Calling someone a saint does not mean condoning all of their actions or words, it means admiring them as people, holy but imperfect, who loved God and had faith in an often difficult world.
On Friday, Pope Francis announced the canonization of John Paul II, who led the Roman Catholic Church as pope from 1978 until his death in 2005, after a second miracle was attributed to his intervention. His beatification (a major step toward sainthood, through which one gains the title “Blessed”) by Pope Benedict XVI in May 2011 was the fastest in modern times. Normally, the process toward canonization does not begin until at least five years after a person’s death. Most of the time, Catholics do not get to see a person who was alive and active in their own lifetime be made a saint.
For many, John Paul II’s canonization is a welcome announcement. From the time of his death in 2005, crowds in St. Peter’s Square shouted “Santo Subito!” (Saint Now in Italian) for their beloved pope, the first Polish pope ever and the first non-Italian pope since 1523. He also was the most widely traveled pope in history, saying mass for the faithful all over the world, even when ill with Parkinson’s disease.
However, John Paul II’s canonization is also met with a more tepid reaction by other Catholics. He re-affirmed the ban on women’s ordination with his 1994 encyclical Ordinatio Sacerdotalis. His 1995 Letter to Women, written on the eve of the Fourth World Conference on Women held in Beijing, was praised by many for its expression of appreciation for the contributions women have made to the Catholic Church and to society, as well as its condemnation of discrimination against women in education, the workplace, and other sectors. Yet, his espousal of gender complementarity was a point of contention for many who feel that the idea that certain essential, unchangeable characteristics belong to men and women, sends a dangerous message to and excludes those who do not fit traditional notions of masculinity and femininity. Furthermore, John Paul II’s papacy was plagued by the church sex-abuse scandal, and he was often criticized for his leniency toward the founder of the movement Legion of Christ, Marcial Maciel, who was found to have abused several boys and fathered six children from relationships with at least two women.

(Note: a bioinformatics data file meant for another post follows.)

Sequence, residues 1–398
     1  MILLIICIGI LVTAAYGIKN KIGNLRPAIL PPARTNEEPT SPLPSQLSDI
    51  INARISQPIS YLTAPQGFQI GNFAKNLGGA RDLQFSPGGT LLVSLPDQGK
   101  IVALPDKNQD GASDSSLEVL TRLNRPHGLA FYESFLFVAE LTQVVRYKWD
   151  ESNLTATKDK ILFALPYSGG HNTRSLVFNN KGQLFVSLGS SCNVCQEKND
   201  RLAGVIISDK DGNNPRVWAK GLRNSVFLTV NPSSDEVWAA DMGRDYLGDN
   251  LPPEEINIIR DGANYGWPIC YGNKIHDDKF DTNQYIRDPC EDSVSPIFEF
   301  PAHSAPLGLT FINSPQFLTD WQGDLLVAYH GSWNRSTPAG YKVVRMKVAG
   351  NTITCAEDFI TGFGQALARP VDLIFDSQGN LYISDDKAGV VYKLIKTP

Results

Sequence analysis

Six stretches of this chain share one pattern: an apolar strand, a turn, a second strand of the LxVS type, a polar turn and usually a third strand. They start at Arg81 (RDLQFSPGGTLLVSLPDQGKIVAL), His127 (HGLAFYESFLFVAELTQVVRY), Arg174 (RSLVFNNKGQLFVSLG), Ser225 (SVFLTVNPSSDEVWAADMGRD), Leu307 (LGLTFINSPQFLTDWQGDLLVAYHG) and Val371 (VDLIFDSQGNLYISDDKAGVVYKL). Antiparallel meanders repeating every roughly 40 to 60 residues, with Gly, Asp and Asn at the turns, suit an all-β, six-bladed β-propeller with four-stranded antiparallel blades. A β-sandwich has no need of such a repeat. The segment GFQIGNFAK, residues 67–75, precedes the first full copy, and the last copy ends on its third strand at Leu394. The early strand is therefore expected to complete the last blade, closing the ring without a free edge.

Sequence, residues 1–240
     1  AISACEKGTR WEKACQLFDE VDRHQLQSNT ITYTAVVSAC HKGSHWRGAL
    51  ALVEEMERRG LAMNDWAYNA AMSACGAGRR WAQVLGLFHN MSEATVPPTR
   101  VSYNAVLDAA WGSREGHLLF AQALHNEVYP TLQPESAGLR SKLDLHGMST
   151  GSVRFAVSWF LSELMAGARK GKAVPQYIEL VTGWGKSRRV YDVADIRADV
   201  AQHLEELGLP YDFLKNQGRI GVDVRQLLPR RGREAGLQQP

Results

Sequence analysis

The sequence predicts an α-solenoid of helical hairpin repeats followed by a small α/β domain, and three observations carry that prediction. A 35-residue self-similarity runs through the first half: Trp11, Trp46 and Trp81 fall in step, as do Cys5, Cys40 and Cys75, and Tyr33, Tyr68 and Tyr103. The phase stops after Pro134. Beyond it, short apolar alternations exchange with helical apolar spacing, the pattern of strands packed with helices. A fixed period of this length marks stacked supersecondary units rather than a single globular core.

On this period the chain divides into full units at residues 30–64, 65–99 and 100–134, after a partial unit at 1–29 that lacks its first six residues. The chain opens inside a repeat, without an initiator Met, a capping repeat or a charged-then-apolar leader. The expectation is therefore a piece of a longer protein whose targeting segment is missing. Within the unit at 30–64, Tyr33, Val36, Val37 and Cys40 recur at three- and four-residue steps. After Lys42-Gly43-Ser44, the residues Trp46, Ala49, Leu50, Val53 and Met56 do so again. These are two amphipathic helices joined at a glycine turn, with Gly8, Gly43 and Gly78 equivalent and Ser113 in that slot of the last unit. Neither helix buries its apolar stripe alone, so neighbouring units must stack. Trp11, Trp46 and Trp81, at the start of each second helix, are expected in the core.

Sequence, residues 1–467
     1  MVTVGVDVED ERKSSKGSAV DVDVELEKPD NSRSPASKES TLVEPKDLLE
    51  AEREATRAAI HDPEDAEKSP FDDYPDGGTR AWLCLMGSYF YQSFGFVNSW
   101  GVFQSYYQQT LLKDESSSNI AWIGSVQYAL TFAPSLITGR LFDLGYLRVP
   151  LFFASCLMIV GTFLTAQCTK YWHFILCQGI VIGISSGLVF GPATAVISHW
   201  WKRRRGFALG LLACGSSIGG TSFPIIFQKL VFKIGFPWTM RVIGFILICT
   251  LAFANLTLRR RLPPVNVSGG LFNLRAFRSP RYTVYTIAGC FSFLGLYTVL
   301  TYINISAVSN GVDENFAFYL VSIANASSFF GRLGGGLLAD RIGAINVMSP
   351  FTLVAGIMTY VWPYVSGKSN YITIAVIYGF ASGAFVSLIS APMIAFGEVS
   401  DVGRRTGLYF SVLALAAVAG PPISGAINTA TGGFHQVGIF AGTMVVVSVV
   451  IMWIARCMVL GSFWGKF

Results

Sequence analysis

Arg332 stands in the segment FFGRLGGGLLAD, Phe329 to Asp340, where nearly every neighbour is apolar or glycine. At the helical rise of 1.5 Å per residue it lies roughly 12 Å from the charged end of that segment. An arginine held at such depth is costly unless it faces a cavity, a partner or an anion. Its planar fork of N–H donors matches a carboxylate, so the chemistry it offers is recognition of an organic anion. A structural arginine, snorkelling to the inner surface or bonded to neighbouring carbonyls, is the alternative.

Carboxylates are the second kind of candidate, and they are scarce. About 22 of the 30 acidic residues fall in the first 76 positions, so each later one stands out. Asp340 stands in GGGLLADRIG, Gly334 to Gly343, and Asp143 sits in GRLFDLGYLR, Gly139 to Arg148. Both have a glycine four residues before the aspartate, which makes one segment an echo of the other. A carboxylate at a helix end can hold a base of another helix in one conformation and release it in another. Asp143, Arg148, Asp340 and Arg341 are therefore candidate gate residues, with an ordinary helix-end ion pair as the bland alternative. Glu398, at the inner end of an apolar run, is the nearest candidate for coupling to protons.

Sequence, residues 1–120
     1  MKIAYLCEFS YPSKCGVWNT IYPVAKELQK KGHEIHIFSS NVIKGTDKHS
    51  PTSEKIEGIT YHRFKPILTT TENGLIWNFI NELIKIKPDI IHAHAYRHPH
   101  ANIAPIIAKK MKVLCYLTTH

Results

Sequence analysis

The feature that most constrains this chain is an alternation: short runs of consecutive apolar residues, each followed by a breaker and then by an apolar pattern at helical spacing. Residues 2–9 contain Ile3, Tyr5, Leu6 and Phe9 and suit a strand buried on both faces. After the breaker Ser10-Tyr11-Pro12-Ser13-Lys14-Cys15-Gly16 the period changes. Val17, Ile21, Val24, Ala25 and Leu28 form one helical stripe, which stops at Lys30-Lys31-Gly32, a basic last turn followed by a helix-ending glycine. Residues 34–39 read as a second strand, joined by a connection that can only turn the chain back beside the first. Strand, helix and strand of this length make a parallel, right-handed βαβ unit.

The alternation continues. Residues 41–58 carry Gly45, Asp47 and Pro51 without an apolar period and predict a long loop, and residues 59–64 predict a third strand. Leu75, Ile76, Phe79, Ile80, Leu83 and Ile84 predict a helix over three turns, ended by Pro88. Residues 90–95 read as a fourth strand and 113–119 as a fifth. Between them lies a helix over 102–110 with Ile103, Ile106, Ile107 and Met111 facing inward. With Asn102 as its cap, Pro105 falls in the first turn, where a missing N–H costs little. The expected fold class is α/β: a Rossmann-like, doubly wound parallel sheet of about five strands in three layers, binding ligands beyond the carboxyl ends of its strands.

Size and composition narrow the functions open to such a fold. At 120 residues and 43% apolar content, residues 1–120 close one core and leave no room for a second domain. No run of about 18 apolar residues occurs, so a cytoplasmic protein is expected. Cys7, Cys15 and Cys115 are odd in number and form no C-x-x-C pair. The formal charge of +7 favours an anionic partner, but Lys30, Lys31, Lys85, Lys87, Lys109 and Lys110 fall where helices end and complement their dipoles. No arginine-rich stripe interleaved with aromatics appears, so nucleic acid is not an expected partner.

Yet, the mixed reactions that the canonization of John Paul II has received, perhaps, give credence to the true meaning of the term “saint” in the Catholic Church. Saints are not God. Saints are not perfect. They were regular human beings like you and I, who ate, drank, laughed, cried, were liked by some, and shunned by others. Saints are like spiritual role models. We pray for their intercession. They show us that we can be both sinners but also holy people who hold a deep, personal relationship with God. Also, although not officially canonized, Catholics consider all who have gone before us to be part of the communion of saints.
As a feminist Catholic, many people ask me if I feel angry at the prospect of John Paul II’s canonization. I answer with a resounding “No.” Of course, I must admit that I respectfully disagreed with John Paul’s stance on women’s ordination, same-sex marriage, and gender complementarity. Yet, I know not every Catholic feels the same way I do, some agreed whole-heartedly with John Paul II’s views. However, that does not mean that John Paul II cannot be a role-model for both progressive Catholics like myself and more traditional Catholics. He forgave the man who shot him in Saint Peter’s Square in 1981, and visited him in prison. As a young seminarian during World War II, he carried a thirteen year old Jewish girl named Edith Zirer through the snow to safety, saving her life. He learned many foreign languages, preaching and comforting faithful Catholics all over the world. He had many characteristics that both Catholics and non-Catholics, liberals and conservatives, want to emulate. Calling someone a saint does not mean condoning all of their actions or words, it means admiring them as people, holy but imperfect, who loved God and had faith in an often difficult world. I think many Catholic will be overjoyed to see someone they knew personally, rather than just through history books, become a saint.
Photo: AP/Plinio Lepri